President Carter ventured a question about the Argentine judicial system, noting that one of the great concerns expressed in the United States is the fact that there are no announcements of the arrest of Argentines or the charges on which they were being held. He asked if this is customary. President Videla responded that the Argentine courts are independent institutions and operated beyond the control [Page 228] of the executive. In cases dealing with subversives and their detention as a preliminary security measure, no announcements of the detentions were made. As soon as the case was investigated, it was turned over to the military or civilian courts or the individual was released. While for security reasons it is not convenient to provide public information on detentions at the initial stage, the GOA has an office charged with providing information to relatives about the possible detention and charges against family members.

President Carter expressed his desire to help restore world appreciation of Argentina and what its government stands for. He hoped that President Videla would give the United States the opportunity to do so. As President, he said he knew how much opportunity he had to preserve the liberties of the US citizens. He asked if, at sometime in the future after Christmas, it might be possible for representatives of the OAS or the UN to visit Argentina, not in the sense of investigating events there, but to confirm the progress made by the GOA.

President Videla said he was pleased to respond with the same frankness shown by President Carter and observed that facts were infinitely more important than words. The visits of Mr. Todman, Mrs. Derian, the Congressmen and the Senators7 is the best way to show that Argentina is not ashamed of its record. He thanked President Carter for sending these groups and for providing lists of detainees. He admitted that there were disappearances in Argentina for four reasons: first, when an individual joins the subversive underground, second, when a terrorist is killed by his associates who may suspect betrayal, third, terrorists were killed in battle and fourth, people were killed by excesses committed by forces of repression. He said this fourth case is under our control, and it is his responsibility to eliminate it. He said he was not concerned about visits or lists or any future visit made in goodwill which can testify to the facts in Argentina.

President Videla regretted that it was necessary to devote the short time available to discussion of the two fundamental issues raised. Since there were a number of important remaining bilateral issues which should be covered, he wished to invite Secretary Vance to visit Argentina after his trip to Brazil to complete the consultations.

President Carter and Secretary Vance both accepted the invitation for Secretary Vance to visit Argentina.8 President Carter said he regretted that the two items had dominated this discussion, which would have to be ended because the President of Uruguay was arriving [Page 229] shortly. Should President Videla wish, he said that Vice President Mondale could meet with him now,9 or the conversations could be continued during the Secretary’s visit. President Carter expressed his hope he could return to Argentina before long and presented President Videla with his book and a collection of satellite photographs of the world. The meeting terminated with expressions of mutual goodwill.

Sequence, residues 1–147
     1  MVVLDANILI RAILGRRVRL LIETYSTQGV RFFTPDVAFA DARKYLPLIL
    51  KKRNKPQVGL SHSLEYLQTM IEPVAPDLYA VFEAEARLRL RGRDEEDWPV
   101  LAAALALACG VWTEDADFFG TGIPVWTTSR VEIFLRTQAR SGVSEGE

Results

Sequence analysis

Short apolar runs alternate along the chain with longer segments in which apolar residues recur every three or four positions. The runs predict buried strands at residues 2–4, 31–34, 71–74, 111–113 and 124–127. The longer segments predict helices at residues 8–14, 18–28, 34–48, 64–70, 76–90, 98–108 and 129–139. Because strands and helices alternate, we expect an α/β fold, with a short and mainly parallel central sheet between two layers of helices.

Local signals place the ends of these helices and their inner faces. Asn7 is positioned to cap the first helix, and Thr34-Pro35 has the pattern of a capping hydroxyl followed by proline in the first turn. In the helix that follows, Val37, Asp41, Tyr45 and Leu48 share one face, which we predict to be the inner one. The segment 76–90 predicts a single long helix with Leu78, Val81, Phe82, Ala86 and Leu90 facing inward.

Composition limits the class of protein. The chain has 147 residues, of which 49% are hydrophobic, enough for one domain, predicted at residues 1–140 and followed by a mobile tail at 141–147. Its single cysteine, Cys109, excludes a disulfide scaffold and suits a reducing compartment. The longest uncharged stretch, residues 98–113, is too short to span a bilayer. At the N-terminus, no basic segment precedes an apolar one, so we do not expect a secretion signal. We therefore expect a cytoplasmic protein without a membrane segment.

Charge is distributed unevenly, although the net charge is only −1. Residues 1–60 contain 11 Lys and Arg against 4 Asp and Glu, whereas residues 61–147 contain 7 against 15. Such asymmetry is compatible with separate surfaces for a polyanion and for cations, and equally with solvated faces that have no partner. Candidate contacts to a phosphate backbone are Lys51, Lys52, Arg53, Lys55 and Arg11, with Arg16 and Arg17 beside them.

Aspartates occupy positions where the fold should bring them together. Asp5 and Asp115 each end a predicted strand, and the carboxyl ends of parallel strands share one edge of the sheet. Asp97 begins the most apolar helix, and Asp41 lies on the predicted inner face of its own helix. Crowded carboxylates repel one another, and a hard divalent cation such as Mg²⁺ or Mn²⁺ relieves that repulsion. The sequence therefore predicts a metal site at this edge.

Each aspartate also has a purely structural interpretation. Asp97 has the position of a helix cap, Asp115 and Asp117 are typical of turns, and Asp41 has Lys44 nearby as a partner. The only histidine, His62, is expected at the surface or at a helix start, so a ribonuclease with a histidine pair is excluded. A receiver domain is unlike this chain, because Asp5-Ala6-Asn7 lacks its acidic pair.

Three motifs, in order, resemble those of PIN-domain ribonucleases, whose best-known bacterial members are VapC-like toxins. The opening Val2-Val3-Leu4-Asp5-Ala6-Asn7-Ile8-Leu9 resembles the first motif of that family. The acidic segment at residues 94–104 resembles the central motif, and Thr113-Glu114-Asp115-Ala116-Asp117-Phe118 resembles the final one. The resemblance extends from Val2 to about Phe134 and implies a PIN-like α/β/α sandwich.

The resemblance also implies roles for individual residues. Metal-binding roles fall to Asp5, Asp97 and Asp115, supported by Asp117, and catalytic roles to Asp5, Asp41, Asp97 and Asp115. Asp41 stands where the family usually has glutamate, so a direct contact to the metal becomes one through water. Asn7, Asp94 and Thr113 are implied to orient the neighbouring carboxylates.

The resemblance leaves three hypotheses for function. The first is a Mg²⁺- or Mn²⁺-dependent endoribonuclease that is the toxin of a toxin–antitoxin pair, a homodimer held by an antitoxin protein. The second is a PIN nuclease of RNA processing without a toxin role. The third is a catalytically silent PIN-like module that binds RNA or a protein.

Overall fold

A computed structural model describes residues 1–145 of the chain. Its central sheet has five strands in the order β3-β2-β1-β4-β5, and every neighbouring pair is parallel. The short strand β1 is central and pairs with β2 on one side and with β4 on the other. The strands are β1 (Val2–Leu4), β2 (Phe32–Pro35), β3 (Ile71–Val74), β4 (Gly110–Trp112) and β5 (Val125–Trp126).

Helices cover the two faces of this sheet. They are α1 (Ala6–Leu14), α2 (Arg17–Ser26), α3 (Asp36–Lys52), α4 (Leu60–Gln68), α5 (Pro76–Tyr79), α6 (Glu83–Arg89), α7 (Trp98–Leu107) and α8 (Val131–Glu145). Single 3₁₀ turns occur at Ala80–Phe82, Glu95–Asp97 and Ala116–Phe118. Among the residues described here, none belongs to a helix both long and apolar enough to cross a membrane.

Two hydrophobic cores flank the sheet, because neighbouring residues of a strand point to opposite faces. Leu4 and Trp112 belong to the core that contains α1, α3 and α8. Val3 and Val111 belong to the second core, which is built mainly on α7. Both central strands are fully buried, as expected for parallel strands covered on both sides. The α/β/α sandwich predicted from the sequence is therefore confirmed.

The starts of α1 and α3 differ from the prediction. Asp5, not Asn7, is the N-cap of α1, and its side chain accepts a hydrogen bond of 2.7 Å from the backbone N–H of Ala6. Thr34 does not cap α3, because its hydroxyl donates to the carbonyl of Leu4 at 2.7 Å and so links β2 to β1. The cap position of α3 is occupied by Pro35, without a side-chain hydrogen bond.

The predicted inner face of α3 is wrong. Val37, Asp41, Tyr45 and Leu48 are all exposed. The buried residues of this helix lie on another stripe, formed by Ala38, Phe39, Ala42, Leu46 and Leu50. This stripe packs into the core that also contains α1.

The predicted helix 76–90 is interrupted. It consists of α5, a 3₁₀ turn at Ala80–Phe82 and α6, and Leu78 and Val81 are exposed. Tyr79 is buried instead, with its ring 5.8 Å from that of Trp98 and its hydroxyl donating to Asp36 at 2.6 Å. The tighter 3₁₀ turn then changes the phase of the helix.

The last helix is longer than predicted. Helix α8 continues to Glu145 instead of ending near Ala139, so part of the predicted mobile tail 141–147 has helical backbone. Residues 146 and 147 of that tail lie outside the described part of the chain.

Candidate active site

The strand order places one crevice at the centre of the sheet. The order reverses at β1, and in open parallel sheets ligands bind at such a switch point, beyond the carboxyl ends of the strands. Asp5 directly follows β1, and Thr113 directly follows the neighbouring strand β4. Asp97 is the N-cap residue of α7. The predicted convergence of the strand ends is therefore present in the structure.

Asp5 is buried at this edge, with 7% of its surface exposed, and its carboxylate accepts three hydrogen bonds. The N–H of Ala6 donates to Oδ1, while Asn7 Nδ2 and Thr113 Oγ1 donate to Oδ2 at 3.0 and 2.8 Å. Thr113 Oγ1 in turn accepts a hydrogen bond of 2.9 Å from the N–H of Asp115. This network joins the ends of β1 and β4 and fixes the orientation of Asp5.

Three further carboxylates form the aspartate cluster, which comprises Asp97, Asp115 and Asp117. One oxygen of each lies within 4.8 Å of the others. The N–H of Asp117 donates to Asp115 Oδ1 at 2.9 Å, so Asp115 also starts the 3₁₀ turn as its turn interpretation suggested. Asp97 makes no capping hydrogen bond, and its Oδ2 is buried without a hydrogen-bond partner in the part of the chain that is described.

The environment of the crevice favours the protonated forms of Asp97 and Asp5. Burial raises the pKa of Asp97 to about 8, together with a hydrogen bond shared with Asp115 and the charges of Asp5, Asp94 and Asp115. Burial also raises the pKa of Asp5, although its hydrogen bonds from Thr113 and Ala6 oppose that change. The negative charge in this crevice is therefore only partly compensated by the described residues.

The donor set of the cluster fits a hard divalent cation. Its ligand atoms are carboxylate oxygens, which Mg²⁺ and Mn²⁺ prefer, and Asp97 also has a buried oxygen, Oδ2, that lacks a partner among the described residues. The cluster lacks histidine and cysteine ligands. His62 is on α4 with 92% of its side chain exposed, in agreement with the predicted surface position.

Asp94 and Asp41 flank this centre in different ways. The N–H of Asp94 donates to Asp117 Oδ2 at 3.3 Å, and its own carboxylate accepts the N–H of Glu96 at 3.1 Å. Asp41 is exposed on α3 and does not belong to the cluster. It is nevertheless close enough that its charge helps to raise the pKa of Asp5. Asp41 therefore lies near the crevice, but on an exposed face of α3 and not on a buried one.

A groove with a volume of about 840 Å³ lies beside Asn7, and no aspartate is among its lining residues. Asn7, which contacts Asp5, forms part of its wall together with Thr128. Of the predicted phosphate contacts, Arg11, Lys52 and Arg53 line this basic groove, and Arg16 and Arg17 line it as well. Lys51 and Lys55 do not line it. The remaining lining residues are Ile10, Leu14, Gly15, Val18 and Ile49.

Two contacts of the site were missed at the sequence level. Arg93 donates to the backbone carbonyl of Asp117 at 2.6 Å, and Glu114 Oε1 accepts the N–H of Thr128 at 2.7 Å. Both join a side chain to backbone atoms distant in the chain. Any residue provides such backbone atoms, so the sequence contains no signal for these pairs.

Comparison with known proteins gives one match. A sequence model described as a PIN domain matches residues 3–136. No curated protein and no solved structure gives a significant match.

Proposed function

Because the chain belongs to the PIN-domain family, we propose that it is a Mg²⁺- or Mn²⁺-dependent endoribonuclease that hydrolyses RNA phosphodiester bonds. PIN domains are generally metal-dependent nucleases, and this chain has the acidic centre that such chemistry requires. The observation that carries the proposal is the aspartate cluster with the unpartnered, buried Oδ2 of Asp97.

1. Source: National Archives, RG 59, Office of the Deputy Secretary: Records of Warren Christopher, 1977–1980, Lot 81D113, Box 13, Human Rights—Argentina I. The meeting took place at the White House. Drafted by Chaplin. A typed note at the top of the memorandum reads, “Text has not been revised by the NSC.” No other record of this meeting has been found. Portions of this document relating to non-proliferation are printed in Foreign Relations, 1977–1980, vol XXVI, Arms Control and Nonproliferation, Document 420.
  2. See Document 61.
  3. The first International Nuclear Fuel Cycle Evaluation Organizing Session took place at the Department of State October 19–21. The press release, Carter’s October 19 remarks in plenary, and the text of the communiqué issued on October 21 are in the Department of State Bulletin, November 14, 1977, pp. 659–664.
  4. In telegram 212170 to Buenos Aires, September 3, the Department notified the Embassy that five members of the Deutsch family were abducted on the night of August 26 from their home in Cordoba, Argentina. A Deutsch family relative in California reported the disappearance to Senator Cranston. (National Archives, RG 59, Central Foreign Policy File, D770320–1154) (U) In telegram 6629 from Buenos Aires, September 7, the Embassy reported that the Argentine Army announced that it had arrested the Deutsch family. The Embassy commented, “Unusual late evening issuance of Army announcement is indication of GOA effort to avoid Deutsch family disappearance adversely affecting Videla visit. Prior to last night’s announcement Army in Cordoba had denied any knowledge of Deutsch family whereabouts.” (National Archives, RG 59, Central Foreign Policy File, D770323–0318)
  5. Not found.
  6. In his personal diary, Carter wrote that Videla “was calm, strong, competent, sure of himself enough to admit Argentina does have problems in the eyes of the world.” (White House Diary, p. 94)
  7. See Documents 61 and 60. A number of Members of Congress had visited Argentina in the previous months, including Yatron and Gilman. See footnote 6, Document 62.
  8. See Document 68.
  9. No record of the meeting between Videla and Mondale has been found.